OK… it seems to me that this expression has often rolled off my tongue these days. What a slew of weird events we are currently facing! I never thought I would write an article one day about a stampede where thousands of people were ready to bite for a pack of silky toilet paper ????. In the 19th century, we spoke about the gold rush and now in the 21st century we are talking about the toilet paper rush. Yes, it’s true! I wonder what it says about our society: that our priority in times of crisis is to have a clean bum?
I’m still hesitating between crying or laughing hysterically. Pascale Brillon, a professor in the Department of Psychology at UQAM, helped me understand this troubling phenomenon. According to her, toilet paper is a symbol, it represents not only comfort and cleanliness but also the last barrier that separates civilization and poverty. She also mentions that the present circumstances bring back psychological mechanisms commonly known as emotional and behavioural mimicry.
The behaviour is described as follows: a group of panicked people perform a specific action (like buying cases of toilet paper…), to decrease their anxiety. The rest of the population observes and by imitation begins to feel this panic. Like buying toilet paper seems to relieve the group that is being watched, they go through the motions. Anyway, here we are.
What I find surprising is our addiction!
Our dependence on these objects (toilet paper, tissues, sanitary protections, beauty products, cleaners, etc.!) not only affects our wallet, but also negatively influences our physical health because of the many chemicals they contain. It also has an impact on our psychological health, because the feeling of lack, it is well known, creates anxiety. Finally, the environmental impact of these products, often used in disproportionate quantities, is no longer to be proven. In short, we are dependent on objects that put our well-being and that of the planet at risk. That, too, makes me hesitate between tears and laughter!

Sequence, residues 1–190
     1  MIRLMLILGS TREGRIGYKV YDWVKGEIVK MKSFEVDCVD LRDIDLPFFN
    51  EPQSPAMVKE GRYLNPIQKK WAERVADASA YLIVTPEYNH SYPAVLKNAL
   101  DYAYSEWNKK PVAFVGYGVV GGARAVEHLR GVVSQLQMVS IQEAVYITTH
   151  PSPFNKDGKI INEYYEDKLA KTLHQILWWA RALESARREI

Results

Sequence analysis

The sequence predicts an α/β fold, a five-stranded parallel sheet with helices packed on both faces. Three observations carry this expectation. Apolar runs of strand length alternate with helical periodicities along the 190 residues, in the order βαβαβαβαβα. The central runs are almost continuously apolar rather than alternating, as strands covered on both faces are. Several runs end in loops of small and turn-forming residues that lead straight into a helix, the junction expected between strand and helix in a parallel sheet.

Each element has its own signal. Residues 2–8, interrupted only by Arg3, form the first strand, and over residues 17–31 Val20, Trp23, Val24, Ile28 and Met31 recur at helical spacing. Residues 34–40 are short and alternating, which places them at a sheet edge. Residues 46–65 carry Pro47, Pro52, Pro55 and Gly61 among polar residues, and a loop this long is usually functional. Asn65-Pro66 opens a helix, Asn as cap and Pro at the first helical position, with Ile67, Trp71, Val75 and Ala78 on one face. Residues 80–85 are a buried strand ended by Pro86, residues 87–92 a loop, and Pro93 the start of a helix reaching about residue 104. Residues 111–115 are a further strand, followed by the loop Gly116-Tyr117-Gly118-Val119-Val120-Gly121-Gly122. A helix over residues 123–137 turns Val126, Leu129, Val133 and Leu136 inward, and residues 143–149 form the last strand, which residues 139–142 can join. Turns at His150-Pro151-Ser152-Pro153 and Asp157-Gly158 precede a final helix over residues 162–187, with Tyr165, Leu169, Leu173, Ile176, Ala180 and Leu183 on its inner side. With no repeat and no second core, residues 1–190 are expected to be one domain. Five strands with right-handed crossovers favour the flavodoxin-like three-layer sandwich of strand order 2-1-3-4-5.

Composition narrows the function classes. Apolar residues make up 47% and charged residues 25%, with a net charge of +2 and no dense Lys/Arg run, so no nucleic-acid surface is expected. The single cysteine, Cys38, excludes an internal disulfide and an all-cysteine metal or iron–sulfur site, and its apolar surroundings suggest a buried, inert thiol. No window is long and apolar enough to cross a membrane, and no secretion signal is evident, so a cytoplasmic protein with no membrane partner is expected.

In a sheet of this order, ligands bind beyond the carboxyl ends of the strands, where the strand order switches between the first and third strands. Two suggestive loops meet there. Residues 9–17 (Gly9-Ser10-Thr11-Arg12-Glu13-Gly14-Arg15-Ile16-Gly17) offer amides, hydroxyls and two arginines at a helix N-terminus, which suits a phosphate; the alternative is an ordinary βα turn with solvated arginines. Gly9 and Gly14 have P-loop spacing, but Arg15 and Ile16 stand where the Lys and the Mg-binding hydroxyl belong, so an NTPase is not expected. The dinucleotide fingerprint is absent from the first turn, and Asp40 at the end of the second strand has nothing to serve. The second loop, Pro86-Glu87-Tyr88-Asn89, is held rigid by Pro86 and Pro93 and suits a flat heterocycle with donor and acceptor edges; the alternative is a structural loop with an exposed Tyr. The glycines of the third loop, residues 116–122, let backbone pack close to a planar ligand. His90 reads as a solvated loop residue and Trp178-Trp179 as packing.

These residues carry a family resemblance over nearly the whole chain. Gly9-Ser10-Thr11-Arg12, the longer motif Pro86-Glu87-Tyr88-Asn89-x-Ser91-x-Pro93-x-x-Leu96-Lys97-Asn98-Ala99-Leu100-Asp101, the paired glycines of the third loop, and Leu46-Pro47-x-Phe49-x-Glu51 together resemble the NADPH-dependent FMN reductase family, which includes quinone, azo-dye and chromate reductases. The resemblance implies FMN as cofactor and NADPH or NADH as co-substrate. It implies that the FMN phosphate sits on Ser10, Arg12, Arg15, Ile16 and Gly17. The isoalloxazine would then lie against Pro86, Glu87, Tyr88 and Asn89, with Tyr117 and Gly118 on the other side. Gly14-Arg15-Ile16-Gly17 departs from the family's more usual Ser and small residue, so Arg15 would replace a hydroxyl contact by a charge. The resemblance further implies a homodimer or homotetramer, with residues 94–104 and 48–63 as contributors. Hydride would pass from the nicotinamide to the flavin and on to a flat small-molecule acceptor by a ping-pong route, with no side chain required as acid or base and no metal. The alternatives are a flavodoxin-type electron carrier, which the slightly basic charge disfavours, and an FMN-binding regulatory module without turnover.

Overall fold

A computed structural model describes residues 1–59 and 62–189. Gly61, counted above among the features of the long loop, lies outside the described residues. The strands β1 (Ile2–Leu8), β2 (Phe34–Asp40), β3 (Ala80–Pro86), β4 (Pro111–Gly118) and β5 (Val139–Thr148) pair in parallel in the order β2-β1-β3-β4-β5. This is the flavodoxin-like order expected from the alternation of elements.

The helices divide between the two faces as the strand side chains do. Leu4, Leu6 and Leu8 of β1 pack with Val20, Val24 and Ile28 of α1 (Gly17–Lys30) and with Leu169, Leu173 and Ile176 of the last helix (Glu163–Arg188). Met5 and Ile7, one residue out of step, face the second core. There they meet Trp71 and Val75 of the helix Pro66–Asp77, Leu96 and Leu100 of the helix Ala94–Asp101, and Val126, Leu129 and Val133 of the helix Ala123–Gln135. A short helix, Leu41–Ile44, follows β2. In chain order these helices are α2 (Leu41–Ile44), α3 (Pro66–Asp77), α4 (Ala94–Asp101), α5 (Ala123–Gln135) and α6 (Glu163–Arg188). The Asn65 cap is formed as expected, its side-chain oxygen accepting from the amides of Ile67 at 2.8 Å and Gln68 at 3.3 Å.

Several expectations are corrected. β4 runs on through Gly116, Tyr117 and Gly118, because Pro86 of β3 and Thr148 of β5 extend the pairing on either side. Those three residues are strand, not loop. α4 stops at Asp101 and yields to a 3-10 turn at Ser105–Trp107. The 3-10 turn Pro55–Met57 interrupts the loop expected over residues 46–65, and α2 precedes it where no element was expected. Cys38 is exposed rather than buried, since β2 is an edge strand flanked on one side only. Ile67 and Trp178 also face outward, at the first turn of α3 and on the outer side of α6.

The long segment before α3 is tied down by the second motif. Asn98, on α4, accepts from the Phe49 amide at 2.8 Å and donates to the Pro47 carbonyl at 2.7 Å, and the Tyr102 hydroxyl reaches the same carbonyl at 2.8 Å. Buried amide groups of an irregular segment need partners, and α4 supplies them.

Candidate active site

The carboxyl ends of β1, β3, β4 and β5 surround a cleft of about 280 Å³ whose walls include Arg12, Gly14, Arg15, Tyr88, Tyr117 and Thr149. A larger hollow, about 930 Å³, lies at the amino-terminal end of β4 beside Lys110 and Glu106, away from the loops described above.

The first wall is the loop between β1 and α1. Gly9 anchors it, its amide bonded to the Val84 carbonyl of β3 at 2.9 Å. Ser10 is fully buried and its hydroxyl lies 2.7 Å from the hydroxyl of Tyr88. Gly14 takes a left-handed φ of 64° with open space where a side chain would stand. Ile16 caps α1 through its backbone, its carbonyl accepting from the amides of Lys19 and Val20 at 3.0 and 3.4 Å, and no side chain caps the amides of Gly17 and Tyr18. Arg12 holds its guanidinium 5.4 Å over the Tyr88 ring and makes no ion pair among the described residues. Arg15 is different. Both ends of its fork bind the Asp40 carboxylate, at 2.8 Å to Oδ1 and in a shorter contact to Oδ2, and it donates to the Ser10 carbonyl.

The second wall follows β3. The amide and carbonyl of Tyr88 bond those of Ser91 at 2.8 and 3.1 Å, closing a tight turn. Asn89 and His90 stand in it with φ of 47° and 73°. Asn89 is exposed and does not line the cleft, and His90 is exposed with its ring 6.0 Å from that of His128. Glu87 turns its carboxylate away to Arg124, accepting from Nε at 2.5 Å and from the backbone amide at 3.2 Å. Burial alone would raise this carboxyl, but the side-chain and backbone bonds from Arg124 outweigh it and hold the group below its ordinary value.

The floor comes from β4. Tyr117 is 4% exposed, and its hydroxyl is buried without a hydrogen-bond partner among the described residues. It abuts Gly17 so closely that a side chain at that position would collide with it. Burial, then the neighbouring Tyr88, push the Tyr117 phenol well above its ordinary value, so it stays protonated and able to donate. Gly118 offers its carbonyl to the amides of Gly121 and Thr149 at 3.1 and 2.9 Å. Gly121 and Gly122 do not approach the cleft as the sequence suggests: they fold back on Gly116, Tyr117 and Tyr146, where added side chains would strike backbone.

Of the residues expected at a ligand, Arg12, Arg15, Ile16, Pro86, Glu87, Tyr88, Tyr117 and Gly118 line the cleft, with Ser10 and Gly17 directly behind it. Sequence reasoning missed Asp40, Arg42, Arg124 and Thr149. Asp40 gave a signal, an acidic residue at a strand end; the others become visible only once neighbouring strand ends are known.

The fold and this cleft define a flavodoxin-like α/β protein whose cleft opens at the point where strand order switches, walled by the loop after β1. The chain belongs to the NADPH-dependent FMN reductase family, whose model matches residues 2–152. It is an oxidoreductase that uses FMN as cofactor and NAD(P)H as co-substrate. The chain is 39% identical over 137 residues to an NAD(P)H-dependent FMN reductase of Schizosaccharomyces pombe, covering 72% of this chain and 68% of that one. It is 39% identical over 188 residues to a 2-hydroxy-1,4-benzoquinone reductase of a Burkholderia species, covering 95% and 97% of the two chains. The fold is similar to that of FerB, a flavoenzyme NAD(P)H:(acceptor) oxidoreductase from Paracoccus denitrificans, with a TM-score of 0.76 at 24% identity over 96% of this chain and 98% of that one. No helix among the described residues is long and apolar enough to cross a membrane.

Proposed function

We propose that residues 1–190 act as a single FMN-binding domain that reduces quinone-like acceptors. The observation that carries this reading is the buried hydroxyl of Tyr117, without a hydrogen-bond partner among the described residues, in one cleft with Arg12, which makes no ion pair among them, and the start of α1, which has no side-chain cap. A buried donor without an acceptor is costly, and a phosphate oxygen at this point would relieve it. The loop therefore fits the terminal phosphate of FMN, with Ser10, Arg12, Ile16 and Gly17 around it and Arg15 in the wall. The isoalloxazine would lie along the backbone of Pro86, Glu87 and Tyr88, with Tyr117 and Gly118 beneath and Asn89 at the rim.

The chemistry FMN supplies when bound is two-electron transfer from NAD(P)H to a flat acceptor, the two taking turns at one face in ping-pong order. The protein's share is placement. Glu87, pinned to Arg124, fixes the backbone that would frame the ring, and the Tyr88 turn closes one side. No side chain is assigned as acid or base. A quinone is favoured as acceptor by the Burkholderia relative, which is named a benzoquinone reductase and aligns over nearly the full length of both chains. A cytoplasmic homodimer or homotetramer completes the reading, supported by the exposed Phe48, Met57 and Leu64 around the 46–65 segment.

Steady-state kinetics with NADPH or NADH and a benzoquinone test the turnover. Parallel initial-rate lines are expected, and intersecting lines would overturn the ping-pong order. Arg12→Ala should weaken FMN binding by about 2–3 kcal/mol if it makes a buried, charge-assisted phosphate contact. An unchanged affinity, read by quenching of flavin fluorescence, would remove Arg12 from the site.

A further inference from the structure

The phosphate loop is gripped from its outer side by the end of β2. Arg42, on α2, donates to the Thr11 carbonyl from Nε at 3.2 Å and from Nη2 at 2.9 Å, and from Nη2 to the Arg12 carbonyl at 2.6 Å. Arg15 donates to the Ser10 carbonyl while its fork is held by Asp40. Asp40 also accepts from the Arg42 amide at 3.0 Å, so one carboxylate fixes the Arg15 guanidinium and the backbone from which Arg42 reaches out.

For fun, let’s measure the environmental footprint of toilet paper (as it is king and master of the media in our society).
Laure Patouillard, a specialist at the International Reference Centre on the life cycle of products, tells us that the production of toilet paper has a significant impact on the environment. To give you an idea, here are the main production steps:
- Collecting the raw material: wood chips.
- Producing the virgin pulp;*
- Bleaching the virgin pulp; (quite funny when you think about it…)
- Transforming the pulp into toilet paper;*
- Drying and packaging the product;
- Delivering to to various points of sale;
- After use, landing back in water treatment plants.
*These steps are the most costly for the environment because of the energy, water and chemicals used. We must not forget the ecological footprint of transporting and packaging the product.
Did you know?
The production of a roll of toilet paper requires between 45 and 140 litres of water (the equivalent of an almost full bathtub!). For his part, the very hairy François Bellefeuille received the very colourful Mélissa de La Fontaine on the occasion of the wonderful episode: Fini, le papier de toilette. Together, they discussed, among other things, François’s buttocks, but also the situation of the Montreal water treatment plant that Mélissa describes as a big energy-guzzling garbage can. She isn’t wrong.
On average, a “normal” individual consumes 2 rolls per week. After a year, if we put end to end all the rolls used by Montrealers together, we could go around the earth 287 times! 287 times! Can you imagine? That makes a lot of garbage to be managed in our sewers! *See the scientific calculation below. Naturally, anything that goes down the toilet ends up in landfills when it isn’t simply incinerated. All this is much less cute than the animals used to praise the softness of their toilet paper!